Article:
Alabama Gov. Robert Bentley admitted the state's new illegal immigration law should be simplified, but area legislators are hesitant to make any changes.
Bentley told the Birmingham Business Alliance last week that he feels the law was complicated, and he believes it could be simplified, according to The Associated Press.
"It's not a bad bill. It's just somewhat confusing and it's difficult to explain to people," Bentley said.
Albertville Republican Rep. Kerry Rich, who sponsored the bill, and Red Hill Republican Sen. Clay Scofield said they are willing to look at the governor's proposals, but they will not support any measures that will weaken the law.
"I'm all for it if he signs something that will simplify it but will not weaken it," Scofield said. "I wouldn't rule out anything, but I'm not sure what it could be. If they come up with something that will simplify it and make it easier to understand and not weaken it, I'm all for it. But I'll be against anything that weakens the law."
House Speaker Mike Hubbard, of Auburn, and Senate President ProTem Del Marsh, of Anniston, agreed and reportedly said they "see nothing yet that needs tweaking, but they are willing to consider minor changes."
Bentley claimed that he has been working behind the scenes to collect suggested changes from businesses, law enforcement and other groups. However, he wasn't ready to bring the changes out in the open because they might "become fodder for the U.S. Justice Department's legal challenge against the law, and he wants to wait until closer to the next legislative session starting Feb. 7 before disclosing any plans," according to reports.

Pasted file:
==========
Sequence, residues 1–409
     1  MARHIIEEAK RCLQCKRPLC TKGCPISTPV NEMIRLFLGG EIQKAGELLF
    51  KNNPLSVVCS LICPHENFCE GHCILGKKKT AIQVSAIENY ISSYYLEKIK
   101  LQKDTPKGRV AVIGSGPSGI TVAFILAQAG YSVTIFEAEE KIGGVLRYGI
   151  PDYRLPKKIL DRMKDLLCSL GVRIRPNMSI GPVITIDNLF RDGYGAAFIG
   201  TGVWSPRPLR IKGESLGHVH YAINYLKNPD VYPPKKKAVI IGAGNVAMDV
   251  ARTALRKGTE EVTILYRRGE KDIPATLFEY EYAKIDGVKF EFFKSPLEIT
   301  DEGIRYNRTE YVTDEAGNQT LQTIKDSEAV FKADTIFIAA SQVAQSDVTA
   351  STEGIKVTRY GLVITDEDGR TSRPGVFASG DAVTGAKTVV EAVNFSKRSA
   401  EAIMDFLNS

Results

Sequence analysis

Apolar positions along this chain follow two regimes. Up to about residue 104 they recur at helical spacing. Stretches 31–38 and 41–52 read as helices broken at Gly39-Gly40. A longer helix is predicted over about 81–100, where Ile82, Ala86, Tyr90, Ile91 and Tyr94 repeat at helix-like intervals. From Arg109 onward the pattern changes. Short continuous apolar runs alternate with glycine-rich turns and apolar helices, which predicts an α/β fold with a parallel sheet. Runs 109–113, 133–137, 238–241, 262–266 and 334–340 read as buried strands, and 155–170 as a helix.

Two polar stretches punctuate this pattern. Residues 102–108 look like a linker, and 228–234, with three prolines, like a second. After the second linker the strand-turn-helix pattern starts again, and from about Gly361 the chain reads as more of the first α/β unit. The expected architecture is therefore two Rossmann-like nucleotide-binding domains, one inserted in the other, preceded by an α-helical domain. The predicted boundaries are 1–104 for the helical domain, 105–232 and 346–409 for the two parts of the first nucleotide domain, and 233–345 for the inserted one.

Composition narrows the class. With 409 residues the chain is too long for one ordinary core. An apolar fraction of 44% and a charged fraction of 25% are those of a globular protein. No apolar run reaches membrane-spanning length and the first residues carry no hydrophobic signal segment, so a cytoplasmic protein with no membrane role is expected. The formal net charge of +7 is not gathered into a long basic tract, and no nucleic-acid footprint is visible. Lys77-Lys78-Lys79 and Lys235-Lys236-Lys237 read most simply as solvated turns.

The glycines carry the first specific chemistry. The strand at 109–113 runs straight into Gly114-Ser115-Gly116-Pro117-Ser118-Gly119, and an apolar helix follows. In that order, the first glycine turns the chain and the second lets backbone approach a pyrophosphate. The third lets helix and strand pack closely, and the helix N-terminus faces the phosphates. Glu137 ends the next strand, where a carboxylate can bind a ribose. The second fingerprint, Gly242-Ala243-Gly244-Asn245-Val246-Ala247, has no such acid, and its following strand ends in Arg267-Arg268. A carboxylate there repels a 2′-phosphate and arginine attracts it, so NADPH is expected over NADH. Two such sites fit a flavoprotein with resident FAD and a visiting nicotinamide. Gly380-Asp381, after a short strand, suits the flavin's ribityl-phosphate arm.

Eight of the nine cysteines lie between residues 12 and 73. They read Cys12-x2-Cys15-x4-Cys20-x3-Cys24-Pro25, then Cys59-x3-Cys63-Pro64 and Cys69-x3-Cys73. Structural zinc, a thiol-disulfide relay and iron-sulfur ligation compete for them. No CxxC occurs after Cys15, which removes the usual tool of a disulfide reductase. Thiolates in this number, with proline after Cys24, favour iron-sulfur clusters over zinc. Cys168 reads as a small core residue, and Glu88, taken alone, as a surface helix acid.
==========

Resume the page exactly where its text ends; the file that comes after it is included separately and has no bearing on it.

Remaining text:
Federal courts put a stay on some parts of Alabama's immigration law. However, one of the key portions that requires businesses to use E-Verify is still in effect, and Bentley said he does not plan to change that provision.
"I personally don't believe there's anything we need to do to change any of it," Rich said. "I would be very reluctant. I'm not saying I wouldn't look at his proposal, but I would be reluctant to make any changes in it."
Rich attributed much of the confusion with the law to hearsay and misinformation.
"A lot of people have gotten information from the press or other people or whatever, and sometimes that information is not accurate," he said. "I don't see the law as being complicated, and maybe that's because I was involved in it and I think I understand it pretty good. I just don't see that it's all that complicated and all that difficult."